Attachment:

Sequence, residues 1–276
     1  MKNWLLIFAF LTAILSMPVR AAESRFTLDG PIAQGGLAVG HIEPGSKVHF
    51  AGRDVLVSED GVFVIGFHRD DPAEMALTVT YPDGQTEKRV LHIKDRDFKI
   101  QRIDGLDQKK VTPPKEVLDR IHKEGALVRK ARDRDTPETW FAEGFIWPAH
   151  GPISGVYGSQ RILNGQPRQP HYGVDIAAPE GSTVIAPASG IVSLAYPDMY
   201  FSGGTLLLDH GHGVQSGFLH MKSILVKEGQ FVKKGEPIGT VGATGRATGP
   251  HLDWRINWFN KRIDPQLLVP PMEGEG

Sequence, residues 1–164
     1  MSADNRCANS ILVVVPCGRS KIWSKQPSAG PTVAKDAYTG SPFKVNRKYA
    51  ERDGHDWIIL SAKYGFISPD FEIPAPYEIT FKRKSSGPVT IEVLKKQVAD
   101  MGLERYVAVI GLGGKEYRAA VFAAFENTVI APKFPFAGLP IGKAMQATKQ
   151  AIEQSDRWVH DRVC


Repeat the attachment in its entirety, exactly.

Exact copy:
Sequence, residues 1–276
     1  MKNWLLIFAF LTAILSMPVR AAESRFTLDG PIAQGGLAVG HIEPGSKVHF
    51  AGRDVLVSED GVFVIGFHRD DPAEMALTVT YPDGQTEKRV LHIKDRDFKI
   101  QRIDGLDQKK VTPPKEVLDR IHKEGALVRK ARDRDTPETW FAEGFIWPAH
   151  GPISGVYGSQ RILNGQPRQP HYGVDIAAPE GSTVIAPASG IVSLAYPDMY
   201  FSGGTLLLDH GHGVQSGFLH MKSILVKEGQ FVKKGEPIGT VGATGRATGP
   251  HLDWRINWFN KRIDPQLLVP PMEGEG

Sequence, residues 1–164
     1  MSADNRCANS ILVVVPCGRS KIWSKQPSAG PTVAKDAYTG SPFKVNRKYA
    51  ERDGHDWIIL SAKYGFISPD FEIPAPYEIT FKRKSSGPVT IEVLKKQVAD
   101  MGLERYVAVI GLGGKEYRAA VFAAFENTVI APKFPFAGLP IGKAMQATKQ
   151  AIEQSDRWVH DRVC